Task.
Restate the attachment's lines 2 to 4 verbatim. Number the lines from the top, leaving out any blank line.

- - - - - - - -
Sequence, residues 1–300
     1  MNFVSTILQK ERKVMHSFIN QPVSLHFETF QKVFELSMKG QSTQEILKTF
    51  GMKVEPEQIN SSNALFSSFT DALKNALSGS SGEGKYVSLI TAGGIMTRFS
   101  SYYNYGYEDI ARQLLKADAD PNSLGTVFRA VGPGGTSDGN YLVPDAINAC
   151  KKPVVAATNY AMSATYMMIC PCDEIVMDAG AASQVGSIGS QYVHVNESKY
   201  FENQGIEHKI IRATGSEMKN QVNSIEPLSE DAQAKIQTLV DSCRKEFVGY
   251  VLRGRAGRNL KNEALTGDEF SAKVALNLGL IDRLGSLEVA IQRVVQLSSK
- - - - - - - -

     1  MNFVSTILQK ERKVMHSFIN QPVSLHFETF QKVFELSMKG QSTQEILKTF
    51  GMKVEPEQIN SSNALFSSFT DALKNALSGS SGEGKYVSLI TAGGIMTRFS
   101  SYYNYGYEDI ARQLLKADAD PNSLGTVFRA VGPGGTSDGN YLVPDAINAC